In dramatic leads, Megan Stein reported that Clark's "remarkable performance" as Albee's alcoholic battleaxe "held the audience in her grasp through the end of the performance," while Kathy Justice applauded the "poetic vulnerability and earthy, brave-hearted determination" of Suchanec's blind Suzy in the thrilling Dark.
Before that, Gourley kept Liaisons on the razor's edge as the cunning Marquise, and newcomer Williams broke our hearts as the falling schoolgirl in Bluest Eye. And though her interpretation occasioned artistic differences between author Allan Gurganus and director Jerry Davis, Hawkesworth's desolate remembrances in Oldest Confederate Widow haunt us still.
O'Berski's Katurian endured police state goons before finding something even more horrifying, while Lester Hill's African-American Lincoln surrogate mesmerized us. Linden was elegant, alienated and possibly something of a monster as Oppenheimer. And when Megan Stein caught Alguire in Streetcar she concluded, "I not only believed he was Stanley Kowalski during the performance; I still do."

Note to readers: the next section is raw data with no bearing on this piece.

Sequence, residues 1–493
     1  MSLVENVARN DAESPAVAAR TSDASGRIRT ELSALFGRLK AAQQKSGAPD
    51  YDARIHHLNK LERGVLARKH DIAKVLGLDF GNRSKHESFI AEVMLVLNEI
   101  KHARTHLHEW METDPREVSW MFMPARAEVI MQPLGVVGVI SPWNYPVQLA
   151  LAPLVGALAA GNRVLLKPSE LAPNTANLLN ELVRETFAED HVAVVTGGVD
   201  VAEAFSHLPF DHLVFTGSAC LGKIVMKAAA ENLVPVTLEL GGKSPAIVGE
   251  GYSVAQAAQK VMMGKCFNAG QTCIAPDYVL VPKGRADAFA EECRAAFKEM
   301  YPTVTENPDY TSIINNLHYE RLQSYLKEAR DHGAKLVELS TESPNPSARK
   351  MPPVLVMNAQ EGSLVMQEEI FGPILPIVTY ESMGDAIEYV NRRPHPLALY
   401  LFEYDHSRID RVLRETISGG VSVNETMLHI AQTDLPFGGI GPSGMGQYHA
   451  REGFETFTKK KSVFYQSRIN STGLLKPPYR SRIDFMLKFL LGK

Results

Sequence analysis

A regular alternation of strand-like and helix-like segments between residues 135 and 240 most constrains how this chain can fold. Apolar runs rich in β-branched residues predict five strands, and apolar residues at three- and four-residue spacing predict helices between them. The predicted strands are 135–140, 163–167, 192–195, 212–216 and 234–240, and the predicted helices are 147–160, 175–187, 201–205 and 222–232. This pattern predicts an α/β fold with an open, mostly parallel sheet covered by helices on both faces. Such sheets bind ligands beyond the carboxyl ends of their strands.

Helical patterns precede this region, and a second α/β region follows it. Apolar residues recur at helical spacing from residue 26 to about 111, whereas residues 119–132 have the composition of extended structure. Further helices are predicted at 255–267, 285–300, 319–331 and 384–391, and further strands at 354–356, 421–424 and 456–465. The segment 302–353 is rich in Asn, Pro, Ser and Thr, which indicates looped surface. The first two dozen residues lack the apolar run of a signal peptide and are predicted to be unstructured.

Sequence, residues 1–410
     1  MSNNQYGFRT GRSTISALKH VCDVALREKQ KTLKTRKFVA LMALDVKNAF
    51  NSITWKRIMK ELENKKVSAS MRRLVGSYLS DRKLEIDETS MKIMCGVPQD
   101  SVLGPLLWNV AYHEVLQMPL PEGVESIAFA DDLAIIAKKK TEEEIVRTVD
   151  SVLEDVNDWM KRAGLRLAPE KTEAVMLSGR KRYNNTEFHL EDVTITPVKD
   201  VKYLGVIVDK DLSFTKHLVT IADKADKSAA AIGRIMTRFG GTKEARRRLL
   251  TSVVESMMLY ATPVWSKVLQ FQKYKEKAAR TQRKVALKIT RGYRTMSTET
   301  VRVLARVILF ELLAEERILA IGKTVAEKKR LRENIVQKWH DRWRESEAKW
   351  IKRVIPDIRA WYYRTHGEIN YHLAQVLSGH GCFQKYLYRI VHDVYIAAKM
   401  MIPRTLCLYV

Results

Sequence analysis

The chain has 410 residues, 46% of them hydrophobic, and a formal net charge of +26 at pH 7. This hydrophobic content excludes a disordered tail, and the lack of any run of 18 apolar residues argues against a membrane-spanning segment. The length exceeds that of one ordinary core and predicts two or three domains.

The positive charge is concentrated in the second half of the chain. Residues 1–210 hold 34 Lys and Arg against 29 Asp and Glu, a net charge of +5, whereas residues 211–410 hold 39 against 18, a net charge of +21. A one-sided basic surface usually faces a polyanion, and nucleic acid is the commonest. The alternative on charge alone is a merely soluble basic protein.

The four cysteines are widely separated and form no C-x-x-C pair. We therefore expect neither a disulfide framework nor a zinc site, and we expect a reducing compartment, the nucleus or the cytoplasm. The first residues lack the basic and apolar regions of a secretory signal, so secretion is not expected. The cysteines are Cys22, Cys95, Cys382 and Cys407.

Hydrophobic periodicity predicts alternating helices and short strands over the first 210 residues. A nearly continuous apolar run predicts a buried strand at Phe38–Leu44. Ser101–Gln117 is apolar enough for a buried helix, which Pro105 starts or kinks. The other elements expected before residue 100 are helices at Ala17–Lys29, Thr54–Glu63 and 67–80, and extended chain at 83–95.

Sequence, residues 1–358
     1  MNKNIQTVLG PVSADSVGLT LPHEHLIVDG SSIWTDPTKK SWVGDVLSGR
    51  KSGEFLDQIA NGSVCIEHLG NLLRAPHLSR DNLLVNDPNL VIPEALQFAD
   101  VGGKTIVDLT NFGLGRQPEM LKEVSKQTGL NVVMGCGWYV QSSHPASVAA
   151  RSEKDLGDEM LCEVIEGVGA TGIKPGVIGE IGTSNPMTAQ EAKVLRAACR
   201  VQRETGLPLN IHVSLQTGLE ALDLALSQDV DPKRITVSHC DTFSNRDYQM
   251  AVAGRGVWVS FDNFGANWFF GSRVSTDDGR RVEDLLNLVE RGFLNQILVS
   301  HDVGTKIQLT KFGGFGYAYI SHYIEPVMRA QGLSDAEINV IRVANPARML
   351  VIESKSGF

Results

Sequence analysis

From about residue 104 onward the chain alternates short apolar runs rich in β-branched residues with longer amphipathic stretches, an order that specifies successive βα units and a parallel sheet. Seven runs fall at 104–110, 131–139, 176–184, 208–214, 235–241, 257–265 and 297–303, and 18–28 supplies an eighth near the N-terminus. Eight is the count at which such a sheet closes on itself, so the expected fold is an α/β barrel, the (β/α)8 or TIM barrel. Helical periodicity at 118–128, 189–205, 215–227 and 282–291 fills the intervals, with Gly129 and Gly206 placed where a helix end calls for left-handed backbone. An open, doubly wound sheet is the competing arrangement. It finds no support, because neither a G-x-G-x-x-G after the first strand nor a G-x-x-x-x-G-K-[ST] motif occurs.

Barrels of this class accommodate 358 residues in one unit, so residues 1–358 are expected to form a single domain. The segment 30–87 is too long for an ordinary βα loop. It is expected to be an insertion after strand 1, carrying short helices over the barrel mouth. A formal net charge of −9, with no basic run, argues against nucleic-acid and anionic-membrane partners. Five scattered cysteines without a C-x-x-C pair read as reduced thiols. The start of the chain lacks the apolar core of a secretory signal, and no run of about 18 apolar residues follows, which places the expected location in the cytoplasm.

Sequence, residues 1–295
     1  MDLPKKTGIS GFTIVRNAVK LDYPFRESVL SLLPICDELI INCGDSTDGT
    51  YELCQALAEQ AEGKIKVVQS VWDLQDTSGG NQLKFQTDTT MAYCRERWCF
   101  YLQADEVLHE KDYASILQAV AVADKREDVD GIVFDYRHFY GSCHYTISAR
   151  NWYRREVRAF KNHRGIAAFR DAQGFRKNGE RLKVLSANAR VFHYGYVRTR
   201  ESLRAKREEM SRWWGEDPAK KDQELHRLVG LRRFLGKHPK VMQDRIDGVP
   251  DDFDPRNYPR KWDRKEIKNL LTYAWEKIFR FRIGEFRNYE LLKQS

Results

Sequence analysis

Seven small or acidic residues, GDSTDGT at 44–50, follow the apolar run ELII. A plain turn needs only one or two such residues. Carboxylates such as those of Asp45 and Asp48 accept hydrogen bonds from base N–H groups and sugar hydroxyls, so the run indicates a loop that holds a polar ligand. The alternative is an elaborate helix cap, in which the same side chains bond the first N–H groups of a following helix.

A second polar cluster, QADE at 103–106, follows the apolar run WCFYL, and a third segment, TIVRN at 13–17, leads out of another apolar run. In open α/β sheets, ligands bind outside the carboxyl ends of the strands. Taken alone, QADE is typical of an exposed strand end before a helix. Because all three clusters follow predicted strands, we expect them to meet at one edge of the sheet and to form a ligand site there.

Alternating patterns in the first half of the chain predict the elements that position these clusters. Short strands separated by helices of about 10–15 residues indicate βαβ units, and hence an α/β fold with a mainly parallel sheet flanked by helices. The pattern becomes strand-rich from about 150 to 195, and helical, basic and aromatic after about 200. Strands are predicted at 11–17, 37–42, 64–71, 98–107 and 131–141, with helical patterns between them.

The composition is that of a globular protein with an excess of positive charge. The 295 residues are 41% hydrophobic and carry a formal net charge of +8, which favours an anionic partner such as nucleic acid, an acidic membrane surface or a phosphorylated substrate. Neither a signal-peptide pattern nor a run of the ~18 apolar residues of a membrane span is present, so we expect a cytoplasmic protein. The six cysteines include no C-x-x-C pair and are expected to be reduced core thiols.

Since the category recognizes a standard of excellence across all roles of a production, it remains our most difficult to achieve. Throughout Bluest Eye, the merest of bystanders shared full complicity with the principals across the long trajectory of schoolgirl Pecola' fall. A quintet of wickedly defined (and entirely deserved) Eurotrash companions surrounded Petra von Kant. Kathy Justice admired the vaudevillian chemistry between Eric Carl, Mike Raab and Adam Twiss in mid-summer's Reduced Shakespeare vehicle. In October, an octet including Lormarev Jones, Eric Morales and Justin Schwartz made sure we were all counted present in the hellish high-school world of columbinus. James Anderson, Fred Corlett, Lucius Robinson and Julie Oliver populated Oppenheimer's fast-moving world with a cavalcade of characters, just before the Classical Theater's actors took a monologue curse offstage and into the audience of A Natural Death—without breaking the bubble of the world they had created.